Terra Incognita and Unknown Unknowns - my OSM rendering journey

How Hard Could It Be?

- programmer epitaph

Here is a story about some things I learned about open street maps and how map tile rendering works, and some reflections on dealing with the unknown as a developer.

The Pride

It all started innocently enough. I was investigating the possibility of using OpenStreetMap (OSM) data to render some maps and perform turn-by-turn navigation in an app I was working on. OSM was interesting because the app needed to work off-line. OSM offered a data-set that could be updated when the device was connected to show new roads, without the multi-month turn around of other mapping providers. The UI platform I was working with didn’t have any libraries for rendering OSM maps that I could find. There were libraries for reading OSM xml files, and the more concise protocol-buffer-based osm.pbf files. I was going to use .osm.pbf files for routing (which I had a nice library for) so after spending a few hours reading up on OSM I decided to try to write something of my own to render maps directly from the .osm file. Armed with some osm.pbf files of my home state, and the OsmSharp library to read them I was able to create a simple renderer in fairly short order.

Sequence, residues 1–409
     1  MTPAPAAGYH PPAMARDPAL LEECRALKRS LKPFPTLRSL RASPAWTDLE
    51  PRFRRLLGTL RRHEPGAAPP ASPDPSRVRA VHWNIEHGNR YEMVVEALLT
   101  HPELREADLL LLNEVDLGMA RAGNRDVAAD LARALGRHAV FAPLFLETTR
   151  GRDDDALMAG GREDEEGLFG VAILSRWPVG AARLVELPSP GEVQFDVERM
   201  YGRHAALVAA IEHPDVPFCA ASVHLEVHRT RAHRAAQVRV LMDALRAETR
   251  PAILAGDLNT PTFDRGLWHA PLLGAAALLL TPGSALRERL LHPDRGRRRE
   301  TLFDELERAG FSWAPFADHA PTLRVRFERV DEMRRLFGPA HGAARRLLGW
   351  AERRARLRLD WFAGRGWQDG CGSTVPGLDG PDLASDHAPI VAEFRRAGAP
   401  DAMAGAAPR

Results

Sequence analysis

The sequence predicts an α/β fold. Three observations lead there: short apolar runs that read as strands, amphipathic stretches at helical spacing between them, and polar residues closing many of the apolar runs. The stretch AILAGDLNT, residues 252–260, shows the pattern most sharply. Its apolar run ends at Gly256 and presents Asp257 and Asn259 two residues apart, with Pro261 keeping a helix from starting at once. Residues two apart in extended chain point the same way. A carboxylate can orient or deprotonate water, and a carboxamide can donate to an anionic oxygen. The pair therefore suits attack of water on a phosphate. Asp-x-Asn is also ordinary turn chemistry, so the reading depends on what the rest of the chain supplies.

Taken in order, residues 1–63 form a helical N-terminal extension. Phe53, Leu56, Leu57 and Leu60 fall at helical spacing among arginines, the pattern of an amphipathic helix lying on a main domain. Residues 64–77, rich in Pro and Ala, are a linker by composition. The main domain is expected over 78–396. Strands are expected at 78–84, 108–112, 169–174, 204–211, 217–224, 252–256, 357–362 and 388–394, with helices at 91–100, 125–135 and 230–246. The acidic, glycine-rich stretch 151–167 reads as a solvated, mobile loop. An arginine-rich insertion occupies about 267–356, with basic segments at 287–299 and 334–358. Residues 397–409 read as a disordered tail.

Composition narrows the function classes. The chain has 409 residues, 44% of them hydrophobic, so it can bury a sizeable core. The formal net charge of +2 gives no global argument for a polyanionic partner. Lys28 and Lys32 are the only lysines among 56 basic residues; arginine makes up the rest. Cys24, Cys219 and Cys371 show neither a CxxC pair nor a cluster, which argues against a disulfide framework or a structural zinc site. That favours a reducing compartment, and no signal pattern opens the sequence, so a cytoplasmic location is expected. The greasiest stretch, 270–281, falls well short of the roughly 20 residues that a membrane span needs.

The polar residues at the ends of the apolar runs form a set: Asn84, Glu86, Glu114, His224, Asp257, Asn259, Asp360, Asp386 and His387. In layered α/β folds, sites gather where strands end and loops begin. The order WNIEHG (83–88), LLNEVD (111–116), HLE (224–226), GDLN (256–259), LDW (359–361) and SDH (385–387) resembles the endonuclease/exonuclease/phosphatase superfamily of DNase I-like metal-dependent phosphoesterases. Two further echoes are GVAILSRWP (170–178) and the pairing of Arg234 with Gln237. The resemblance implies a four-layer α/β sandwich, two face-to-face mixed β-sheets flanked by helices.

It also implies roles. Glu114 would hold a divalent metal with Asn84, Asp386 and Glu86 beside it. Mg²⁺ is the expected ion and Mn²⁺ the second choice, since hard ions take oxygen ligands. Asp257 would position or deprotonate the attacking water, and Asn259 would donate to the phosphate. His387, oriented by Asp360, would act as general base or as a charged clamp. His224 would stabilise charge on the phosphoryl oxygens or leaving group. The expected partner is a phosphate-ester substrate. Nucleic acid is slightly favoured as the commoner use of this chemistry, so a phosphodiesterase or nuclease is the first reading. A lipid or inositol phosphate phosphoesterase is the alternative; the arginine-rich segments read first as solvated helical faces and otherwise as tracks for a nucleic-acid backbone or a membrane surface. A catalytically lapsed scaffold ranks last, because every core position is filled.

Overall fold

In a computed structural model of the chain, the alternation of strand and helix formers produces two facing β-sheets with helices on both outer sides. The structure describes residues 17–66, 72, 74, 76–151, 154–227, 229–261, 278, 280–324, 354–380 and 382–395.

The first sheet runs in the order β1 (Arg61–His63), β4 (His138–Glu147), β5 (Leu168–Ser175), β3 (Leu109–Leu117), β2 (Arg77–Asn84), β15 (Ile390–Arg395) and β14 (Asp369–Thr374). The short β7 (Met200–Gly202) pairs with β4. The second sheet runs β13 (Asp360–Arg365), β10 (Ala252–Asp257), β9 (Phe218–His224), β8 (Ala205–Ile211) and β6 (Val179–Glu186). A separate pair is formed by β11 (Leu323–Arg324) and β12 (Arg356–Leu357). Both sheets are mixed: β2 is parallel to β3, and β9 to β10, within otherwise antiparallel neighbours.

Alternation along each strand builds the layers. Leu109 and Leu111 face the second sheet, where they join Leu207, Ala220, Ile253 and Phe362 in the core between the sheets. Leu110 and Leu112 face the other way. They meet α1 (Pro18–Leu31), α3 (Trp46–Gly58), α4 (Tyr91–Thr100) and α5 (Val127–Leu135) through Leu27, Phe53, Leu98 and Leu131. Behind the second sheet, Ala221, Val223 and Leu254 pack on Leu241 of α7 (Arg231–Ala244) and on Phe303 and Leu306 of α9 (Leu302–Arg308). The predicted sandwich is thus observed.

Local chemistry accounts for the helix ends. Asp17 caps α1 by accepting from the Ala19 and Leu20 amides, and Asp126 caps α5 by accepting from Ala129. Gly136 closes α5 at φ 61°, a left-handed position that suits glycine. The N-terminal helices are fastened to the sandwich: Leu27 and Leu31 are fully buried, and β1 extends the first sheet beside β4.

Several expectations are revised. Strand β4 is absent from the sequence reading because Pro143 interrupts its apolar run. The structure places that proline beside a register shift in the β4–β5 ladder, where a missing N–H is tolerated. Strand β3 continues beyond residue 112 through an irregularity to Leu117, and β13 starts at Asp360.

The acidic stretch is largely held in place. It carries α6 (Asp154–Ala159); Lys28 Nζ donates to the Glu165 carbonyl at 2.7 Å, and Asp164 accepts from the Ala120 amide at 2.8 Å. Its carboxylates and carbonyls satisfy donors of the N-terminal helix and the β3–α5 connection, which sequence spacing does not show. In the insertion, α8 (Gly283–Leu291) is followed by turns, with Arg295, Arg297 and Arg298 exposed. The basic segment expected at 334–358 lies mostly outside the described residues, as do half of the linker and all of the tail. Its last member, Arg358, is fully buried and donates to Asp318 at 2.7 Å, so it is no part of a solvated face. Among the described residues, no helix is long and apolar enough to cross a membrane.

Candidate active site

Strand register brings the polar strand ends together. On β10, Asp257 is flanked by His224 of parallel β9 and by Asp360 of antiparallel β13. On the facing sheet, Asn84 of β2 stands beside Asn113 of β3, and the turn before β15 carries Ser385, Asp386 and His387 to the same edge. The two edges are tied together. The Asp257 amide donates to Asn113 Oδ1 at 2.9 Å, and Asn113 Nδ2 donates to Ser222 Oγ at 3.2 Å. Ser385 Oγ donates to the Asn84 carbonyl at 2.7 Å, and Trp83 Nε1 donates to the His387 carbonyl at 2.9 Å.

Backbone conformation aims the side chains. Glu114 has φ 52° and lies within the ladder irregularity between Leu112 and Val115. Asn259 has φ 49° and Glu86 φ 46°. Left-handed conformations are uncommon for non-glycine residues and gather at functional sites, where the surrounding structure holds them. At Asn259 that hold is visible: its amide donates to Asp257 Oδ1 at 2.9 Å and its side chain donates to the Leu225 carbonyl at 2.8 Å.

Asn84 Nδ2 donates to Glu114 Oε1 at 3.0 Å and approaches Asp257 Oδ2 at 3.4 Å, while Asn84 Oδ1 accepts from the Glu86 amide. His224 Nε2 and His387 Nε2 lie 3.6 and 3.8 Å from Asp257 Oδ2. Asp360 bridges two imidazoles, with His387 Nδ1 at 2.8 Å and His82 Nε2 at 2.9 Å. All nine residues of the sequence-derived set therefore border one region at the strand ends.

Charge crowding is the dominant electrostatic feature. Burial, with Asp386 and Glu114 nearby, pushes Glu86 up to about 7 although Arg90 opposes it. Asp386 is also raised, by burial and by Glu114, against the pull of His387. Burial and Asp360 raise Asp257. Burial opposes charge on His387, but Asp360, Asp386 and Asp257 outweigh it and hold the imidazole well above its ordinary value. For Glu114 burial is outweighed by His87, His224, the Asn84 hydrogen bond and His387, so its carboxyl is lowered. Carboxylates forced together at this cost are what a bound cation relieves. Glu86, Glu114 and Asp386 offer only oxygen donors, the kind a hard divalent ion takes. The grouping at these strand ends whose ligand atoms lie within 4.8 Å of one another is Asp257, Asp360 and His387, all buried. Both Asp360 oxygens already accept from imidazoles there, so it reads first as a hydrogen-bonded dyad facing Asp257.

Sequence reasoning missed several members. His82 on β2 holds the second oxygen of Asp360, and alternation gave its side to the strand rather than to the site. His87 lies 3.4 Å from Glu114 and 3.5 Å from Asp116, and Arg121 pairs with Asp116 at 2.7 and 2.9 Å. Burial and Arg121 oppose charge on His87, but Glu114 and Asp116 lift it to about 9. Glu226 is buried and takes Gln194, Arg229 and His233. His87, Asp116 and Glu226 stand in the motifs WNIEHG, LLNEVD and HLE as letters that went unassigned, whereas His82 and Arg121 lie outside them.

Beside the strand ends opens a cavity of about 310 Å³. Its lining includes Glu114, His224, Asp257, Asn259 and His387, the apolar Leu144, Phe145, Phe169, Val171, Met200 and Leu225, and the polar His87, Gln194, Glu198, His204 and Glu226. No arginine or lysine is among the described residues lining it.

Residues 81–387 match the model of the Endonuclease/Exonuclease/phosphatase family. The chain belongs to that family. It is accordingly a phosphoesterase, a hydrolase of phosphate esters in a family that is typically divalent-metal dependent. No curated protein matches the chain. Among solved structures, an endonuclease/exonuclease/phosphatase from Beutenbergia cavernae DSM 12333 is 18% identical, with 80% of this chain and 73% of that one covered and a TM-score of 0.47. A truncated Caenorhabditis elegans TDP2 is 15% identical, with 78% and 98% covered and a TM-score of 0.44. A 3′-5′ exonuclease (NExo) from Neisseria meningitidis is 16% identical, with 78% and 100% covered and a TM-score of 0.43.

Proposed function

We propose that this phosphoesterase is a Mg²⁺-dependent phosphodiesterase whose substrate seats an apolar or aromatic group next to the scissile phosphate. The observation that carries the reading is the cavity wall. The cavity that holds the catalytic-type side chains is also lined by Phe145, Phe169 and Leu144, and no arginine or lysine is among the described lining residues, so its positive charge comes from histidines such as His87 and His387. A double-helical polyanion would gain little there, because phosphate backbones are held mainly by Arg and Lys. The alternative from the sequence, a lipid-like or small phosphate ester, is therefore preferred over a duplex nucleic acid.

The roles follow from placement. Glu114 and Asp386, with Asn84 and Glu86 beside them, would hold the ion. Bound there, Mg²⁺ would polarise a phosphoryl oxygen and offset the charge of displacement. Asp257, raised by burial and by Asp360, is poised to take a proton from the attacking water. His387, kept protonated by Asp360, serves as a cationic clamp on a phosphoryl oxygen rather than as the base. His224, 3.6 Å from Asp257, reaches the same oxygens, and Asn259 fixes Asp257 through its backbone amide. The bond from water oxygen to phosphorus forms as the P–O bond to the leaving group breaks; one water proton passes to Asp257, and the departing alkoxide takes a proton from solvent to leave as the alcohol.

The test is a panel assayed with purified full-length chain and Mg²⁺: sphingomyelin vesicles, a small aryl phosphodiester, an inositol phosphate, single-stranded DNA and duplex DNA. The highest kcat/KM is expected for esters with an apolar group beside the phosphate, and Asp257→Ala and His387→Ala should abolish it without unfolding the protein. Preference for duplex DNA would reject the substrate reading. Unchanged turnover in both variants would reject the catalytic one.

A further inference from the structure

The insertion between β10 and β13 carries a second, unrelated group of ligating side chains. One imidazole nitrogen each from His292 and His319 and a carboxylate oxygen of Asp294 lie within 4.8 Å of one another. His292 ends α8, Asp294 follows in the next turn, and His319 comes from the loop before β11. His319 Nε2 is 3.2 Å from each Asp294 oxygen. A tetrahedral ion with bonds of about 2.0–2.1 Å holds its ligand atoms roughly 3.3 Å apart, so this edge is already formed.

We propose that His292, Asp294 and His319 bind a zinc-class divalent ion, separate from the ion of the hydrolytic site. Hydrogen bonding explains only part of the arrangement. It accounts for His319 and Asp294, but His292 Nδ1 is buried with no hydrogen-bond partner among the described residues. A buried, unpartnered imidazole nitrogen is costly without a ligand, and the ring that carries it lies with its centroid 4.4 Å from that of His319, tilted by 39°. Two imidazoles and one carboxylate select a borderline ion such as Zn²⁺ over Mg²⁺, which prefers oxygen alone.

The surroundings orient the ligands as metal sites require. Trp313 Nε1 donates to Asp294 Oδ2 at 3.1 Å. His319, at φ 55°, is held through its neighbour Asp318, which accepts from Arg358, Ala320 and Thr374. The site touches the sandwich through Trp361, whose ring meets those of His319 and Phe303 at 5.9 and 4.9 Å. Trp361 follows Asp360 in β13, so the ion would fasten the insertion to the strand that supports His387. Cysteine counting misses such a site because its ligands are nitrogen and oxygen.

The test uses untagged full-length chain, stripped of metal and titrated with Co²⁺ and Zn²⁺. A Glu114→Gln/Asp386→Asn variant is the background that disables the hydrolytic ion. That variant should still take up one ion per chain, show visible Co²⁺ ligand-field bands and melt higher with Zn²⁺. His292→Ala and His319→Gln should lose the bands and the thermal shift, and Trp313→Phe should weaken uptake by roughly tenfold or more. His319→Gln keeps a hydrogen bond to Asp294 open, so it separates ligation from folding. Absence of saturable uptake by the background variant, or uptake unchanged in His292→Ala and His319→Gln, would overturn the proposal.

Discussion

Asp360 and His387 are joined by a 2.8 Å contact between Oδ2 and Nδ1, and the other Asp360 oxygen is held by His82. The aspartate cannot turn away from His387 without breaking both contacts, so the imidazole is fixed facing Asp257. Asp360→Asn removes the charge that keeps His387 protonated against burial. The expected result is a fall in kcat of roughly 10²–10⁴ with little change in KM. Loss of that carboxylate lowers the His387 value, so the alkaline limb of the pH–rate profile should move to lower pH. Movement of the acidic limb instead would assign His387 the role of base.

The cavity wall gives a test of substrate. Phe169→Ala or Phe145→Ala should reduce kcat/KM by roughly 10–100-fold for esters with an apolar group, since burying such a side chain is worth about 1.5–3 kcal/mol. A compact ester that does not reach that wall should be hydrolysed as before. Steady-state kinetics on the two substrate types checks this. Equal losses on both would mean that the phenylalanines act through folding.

black and white map of Brisbane

The Fall

A little while later I had buildings being rendered in colour, and areas of land by “usage”. Unfortunately the rendering was too slow to be useful. All the roads (the main feature I cared about) were all still 2-dimensional poly-lines without any width. I was also starting to appreciate some of the added complexity of maps, such as showing different amounts of detail as you zoom in and out of the map. If only there was a way i could pre-compute and cache the geometries of various things I wanted to render at different zoom levels….

black and white map of Brisbane

After a little more digging I discovered I wasn’t the only one who had had the bright idea of pre-computing geometries. It turned out there was a file format called MBTiles made by the folks at MapBox which was basically a SQLite database full of map tiles. Originally these had been satellite images, but then they’d added vector tiles, which were the pre-computed polygons for a particular map area and zoom level, serialized using protocol buffers.


The discovery of MBTiles and vector tiles quickly led me to two decent vector tile renderer implementations which worked with the existing tile-based map controls for the platform I was using, which made my hand-rolled rendering implementation look as bad as it really was.

black and white map of Brisbane

Critical Errors

In hindsight a number of things contributed to my confusion which I try to catalogue here.

Incorrect Assumptions